The 'Pinocchio Effect'



We all know the story of Pinocchio and that when he lied, his nose grew longer. Disney may just be on to something. Researchers at the University of Grenada have conducted studies that show that features on the face, including the nose and the inner eyes, rise in temperature when a person is lying. If this is accurate, measuring facial temperature with a thermal energy indicator may be a new lie detector.

            The logic behind this research centers around the brain element called the insula. The insula is a part of the brain that is within the cerebral cortex. When we lie, this part of our brain is triggered because the insula is linked with perception, self-awareness, and temperature. The researchers have found a correlation between insula activity and temperature increases. However, according to the article, the insula is not a very well understood part of the brain. They're basing the correlation on the assumption that lying would trigger activity from the insula because it is related to  self-awareness.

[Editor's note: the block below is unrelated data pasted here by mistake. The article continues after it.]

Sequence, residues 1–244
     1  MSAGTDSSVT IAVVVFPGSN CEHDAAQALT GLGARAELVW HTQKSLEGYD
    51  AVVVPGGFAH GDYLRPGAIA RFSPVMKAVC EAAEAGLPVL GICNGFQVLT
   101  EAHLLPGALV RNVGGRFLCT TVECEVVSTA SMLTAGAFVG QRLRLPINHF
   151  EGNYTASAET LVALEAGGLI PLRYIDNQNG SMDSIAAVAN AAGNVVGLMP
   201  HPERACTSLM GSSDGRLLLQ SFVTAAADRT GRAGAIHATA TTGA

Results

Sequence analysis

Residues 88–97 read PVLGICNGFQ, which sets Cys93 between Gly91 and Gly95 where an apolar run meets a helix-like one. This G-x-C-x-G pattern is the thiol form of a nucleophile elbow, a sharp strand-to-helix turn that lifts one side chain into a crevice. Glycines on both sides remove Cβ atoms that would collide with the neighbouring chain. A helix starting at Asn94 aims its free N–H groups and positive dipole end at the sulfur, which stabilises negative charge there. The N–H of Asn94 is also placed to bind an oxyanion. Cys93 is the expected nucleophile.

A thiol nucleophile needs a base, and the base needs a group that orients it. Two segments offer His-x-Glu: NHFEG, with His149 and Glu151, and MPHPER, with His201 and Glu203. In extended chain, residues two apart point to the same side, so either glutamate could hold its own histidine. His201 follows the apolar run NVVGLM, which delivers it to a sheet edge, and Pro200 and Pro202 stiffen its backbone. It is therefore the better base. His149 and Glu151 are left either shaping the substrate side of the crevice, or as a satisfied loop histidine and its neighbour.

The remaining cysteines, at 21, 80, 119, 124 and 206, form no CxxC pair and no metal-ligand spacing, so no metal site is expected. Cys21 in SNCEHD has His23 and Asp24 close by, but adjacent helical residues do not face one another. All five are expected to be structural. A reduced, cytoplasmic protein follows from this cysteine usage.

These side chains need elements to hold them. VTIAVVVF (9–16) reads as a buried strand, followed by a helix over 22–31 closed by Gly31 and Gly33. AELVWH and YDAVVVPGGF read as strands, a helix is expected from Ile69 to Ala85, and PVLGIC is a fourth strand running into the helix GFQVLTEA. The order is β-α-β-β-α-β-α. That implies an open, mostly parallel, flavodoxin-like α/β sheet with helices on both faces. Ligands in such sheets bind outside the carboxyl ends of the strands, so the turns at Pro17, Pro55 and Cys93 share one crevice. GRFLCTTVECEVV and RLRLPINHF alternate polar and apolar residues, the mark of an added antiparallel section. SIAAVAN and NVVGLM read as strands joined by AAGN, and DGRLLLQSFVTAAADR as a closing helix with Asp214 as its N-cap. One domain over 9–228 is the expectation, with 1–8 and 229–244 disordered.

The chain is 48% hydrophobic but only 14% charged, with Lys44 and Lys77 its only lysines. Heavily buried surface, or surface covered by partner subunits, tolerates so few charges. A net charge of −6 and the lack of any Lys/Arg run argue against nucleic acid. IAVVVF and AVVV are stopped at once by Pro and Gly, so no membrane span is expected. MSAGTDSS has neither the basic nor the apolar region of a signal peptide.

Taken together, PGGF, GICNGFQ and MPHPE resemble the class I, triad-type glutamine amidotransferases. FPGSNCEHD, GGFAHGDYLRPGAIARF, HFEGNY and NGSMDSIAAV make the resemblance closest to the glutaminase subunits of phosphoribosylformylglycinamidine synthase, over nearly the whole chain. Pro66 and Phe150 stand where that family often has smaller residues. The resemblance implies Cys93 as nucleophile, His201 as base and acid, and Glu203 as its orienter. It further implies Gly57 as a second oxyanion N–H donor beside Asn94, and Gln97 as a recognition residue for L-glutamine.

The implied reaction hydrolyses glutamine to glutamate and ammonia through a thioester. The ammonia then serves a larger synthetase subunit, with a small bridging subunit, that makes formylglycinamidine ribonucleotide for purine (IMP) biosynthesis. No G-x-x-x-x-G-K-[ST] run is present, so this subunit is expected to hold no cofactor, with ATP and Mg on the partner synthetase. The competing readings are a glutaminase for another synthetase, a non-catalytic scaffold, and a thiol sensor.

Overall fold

This image
depicts an image captured from a thermal lighting camera while a person was
lying. The more red the section is, the more energy and temperature are present.

            My next thought was that if this study is accurate, then maybe it can be applied to crime investigation and lie detection. However, with further research in The Oxford Handbook of Social Neuroscience, this is not a reliable source. Frustration or anxiety are two examples of emotions that can also trigger the same activation of the insula reaction. Even if scientist could pin point how much energy is produced by different emotions, the scale of temperature rising would be subject to the individual. Do you think this study successfully identifies when a person is lying? Do you think it would be an invasion of privacy if the scientists could always tell if you're lying simply by your body heat?